The “five-point consensus” reached by the Foreign Ministers of India and China in Moscow on Thursday provides a glimmer of hope of a diplomatic solution, while thousands of troops from both countries remain deployed along the border. It is, however, only a glimmer. Each point, outlined in a joint statement, has been affirmed previously by the two neighbours, both in past boundary agreements and in talks held since June that have failed to de-escalate tensions. The LAC remains tense, facing its worst crisis since 1962. Both sides have agreed to take guidance from previous understandings, including on “not allowing differences to become disputes”, a formulation of 2017 that has not lived up to its promise. They agreed the current situation suits neither side, troops should quickly disengage, maintain proper distance, and ease tensions. Both sides said they would abide by all existing agreements, continue dialogue, and expedite work on finding confidence building measures to maintain peace.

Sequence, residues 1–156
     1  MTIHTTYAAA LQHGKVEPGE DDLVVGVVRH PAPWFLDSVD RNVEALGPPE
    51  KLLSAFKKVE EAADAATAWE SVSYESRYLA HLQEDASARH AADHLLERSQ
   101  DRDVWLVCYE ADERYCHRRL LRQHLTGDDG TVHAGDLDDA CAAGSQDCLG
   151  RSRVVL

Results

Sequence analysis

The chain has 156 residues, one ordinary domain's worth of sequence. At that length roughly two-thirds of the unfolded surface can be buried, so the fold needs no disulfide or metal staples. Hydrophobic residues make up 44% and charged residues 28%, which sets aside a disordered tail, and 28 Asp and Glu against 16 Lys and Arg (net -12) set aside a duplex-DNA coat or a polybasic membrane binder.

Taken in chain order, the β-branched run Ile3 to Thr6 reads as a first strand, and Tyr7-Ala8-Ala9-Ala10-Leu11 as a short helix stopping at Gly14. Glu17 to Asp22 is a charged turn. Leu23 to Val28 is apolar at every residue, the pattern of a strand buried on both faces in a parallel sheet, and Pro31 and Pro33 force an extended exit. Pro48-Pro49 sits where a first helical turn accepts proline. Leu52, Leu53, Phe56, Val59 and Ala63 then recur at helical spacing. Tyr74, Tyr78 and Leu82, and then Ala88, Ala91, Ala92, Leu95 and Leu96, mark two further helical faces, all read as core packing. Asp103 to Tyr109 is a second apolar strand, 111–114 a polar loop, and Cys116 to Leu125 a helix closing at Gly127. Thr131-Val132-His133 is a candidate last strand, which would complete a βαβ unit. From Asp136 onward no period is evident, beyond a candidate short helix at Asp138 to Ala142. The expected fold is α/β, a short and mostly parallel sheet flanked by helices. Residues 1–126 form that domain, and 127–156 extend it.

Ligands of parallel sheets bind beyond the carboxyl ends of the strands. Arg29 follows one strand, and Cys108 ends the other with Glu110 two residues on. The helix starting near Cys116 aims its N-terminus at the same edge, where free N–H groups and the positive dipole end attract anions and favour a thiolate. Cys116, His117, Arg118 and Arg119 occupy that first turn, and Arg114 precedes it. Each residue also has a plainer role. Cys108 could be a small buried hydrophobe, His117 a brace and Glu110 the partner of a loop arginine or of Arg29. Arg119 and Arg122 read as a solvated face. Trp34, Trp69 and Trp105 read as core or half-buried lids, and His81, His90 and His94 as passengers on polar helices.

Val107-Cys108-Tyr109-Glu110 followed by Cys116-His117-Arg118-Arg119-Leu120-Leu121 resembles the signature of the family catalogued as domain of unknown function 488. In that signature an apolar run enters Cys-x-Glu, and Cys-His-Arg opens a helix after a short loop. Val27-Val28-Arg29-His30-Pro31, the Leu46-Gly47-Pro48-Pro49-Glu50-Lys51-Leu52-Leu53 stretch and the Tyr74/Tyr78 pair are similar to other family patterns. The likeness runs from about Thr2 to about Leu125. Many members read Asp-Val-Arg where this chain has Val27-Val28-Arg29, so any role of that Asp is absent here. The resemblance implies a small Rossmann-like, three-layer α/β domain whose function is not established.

At the same time, stark differences remain, including on the key question of whether both sides will return to the status quo ante prior to China’s transgressions. The issuing of the joint statement was somewhat unusually accompanied by separate press statements, which struck discordant notes on key issues. India stressed that peace on the boundary was essential for ties, and that recent incidents had impacted the broader relationship. The Chinese statement, on the other hand, sought to emphasise the importance of “moving the relationship in the right direction” and to put the border “in a proper context”. China’s statement also quoted India’s Foreign Minister as saying India believed China’s policy toward India had not changed and that it did not consider relations to be dependent on the settlement of the boundary question. This characterisation of India’s stand was a sharp contrast from Delhi’s recent public statements, which have emphasised border peace as a prerequisite to taking forward the broader relationship. Moreover, a day before the talks, China’s official news agency issued a commentary placing the onus entirely on India to defuse tensions, accusing India of “reckless provocations”, telling India “to learn from history”, and reiterating that China “will not lose an inch of territory”. It is welcome that India and China have finally found something to agree on. Thursday’s consensus, however, is only the first step of a long road ahead. The continuing rounds of talks should be aimed sincerely at disengagement, and not at presenting a veneer of diplomatic engagement even while China strengthens its hold along the LAC. India will need to verify before it can trust each of China’s steps from now on.
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